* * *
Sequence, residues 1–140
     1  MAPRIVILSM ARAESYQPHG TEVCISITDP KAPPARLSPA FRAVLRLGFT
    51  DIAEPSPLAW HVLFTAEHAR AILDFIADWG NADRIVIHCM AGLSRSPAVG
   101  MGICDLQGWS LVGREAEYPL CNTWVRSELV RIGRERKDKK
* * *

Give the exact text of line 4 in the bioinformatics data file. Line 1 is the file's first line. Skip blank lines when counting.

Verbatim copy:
   101  MGICDLQGWS LVGREAEYPL CNTWVRSELV RIGRERKDKK